Skip to content

Ant antics

November 11, 2014

Green-head Ant

Recently, an ant struggling with an insect corpse across our brick pavers caught our attention. We stopped to watch the activity around the nearby ant-hole, where some ants were busily excavating, while others appeared to be building a stockpile of leaves and stalks.
When we checked with Max Campbell, our invertebrate expert who gave a Focus on Fauna presentation earlier this year, he advised us that these are Green-head Ants (Rhytidoponera metallica). Max said “… the carcase is a crane fly (family Tipulidae) and was more likely to be carrion than prey. All food is used by the ant community for both adults and larvae. It is likely that most proteinaceous food (meat as it were) gets used for feeding developing young, whereas the adults would need high energy food such as nectar and other carbohydrates to maintain their active existence.”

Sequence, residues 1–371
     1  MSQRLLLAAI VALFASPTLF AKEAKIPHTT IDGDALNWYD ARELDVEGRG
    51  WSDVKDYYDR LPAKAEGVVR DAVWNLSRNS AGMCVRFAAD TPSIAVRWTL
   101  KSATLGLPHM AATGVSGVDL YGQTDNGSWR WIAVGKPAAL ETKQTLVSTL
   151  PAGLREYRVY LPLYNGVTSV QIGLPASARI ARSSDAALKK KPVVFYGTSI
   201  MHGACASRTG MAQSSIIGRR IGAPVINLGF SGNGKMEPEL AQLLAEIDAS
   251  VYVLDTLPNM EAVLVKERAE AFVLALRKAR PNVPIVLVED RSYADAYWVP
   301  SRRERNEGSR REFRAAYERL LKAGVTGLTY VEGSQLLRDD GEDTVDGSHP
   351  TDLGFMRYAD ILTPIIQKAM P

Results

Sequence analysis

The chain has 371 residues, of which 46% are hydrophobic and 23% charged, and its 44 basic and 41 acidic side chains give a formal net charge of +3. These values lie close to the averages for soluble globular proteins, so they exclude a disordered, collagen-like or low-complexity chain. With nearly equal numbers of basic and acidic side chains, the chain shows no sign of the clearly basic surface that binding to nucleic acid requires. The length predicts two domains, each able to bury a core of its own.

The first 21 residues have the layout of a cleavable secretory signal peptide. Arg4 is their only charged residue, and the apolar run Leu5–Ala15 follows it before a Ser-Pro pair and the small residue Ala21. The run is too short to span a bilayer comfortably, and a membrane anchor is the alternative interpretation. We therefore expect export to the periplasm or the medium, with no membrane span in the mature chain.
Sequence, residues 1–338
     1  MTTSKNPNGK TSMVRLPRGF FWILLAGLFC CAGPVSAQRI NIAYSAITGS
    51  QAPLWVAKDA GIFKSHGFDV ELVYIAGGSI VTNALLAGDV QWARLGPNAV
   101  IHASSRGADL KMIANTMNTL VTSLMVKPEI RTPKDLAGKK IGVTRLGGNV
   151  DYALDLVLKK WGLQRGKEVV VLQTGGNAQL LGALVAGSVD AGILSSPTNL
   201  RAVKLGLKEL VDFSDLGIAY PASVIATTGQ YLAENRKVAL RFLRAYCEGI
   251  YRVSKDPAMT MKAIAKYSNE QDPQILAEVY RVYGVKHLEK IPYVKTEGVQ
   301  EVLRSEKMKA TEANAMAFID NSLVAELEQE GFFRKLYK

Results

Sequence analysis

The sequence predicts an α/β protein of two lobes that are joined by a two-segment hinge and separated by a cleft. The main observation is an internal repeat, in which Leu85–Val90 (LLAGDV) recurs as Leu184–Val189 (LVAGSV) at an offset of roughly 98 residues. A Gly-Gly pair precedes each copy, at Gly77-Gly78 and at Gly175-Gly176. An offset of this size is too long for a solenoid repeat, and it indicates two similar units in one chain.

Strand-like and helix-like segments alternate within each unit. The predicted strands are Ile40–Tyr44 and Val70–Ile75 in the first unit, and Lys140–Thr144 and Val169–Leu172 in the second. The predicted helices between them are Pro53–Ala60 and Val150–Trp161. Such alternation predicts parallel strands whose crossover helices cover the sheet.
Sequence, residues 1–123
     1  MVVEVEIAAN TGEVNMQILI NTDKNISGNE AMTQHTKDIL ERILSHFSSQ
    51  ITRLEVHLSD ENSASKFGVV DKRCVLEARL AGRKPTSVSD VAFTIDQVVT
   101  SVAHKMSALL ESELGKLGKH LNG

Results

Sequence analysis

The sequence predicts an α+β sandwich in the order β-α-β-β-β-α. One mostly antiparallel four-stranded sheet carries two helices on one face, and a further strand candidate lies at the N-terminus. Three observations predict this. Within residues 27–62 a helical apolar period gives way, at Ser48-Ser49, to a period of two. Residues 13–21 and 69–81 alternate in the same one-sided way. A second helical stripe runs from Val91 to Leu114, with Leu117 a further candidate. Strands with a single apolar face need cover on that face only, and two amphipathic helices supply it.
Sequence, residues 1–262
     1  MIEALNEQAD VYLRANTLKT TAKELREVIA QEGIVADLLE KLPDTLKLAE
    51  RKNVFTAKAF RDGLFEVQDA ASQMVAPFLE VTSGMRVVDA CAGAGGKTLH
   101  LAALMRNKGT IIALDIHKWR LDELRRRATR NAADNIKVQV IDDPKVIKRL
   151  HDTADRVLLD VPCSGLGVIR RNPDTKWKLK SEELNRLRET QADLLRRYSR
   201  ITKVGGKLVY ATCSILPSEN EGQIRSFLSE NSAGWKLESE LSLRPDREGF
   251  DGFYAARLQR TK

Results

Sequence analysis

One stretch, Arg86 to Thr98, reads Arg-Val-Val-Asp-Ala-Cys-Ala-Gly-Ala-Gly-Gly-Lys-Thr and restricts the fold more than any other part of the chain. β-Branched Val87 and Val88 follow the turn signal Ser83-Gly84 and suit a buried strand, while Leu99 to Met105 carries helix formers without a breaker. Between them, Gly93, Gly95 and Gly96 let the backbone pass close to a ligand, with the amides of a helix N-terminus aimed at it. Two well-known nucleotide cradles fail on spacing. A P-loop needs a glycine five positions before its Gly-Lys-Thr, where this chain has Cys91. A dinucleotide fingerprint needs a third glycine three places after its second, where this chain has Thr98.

Another interesting fact from Max is that this species of ant often has inquilines, such as specialised isopods or a type of cricket, sharing the nest with them. Inquilines are named from the Latin inquilinus meaning ‘lodger’or ‘tenant’, and are described as living commensally, which means that one of the co-inhabitants benefits from the arrangement, without affecting the other.
The ant’s colouring can vary – some from eastern Victoria are more obviously green headed and brilliantly metallic, as seen in Max’s photo.
[Click on any of the photos and then scroll through the gallery using the arrows.]

One Comment leave one →
  1. November 11, 2014 8:00 am

    Ants are such brilliant little creatures. Watch the nest over the seasons. As summer approches you may notice that the soil or stones around the hole are light coloured to reflect the heat. As the winter approaches the soil or stones may be changed for darker coloured ones to absorb the heat and keep the nest warm.

Leave a Reply

Fill in your details below or click an icon to log in: Logo

You are commenting using your account. Log Out /  Change )

Facebook photo

You are commenting using your Facebook account. Log Out /  Change )

Connecting to %s

This site uses Akismet to reduce spam. Learn how your comment data is processed.

%d bloggers like this: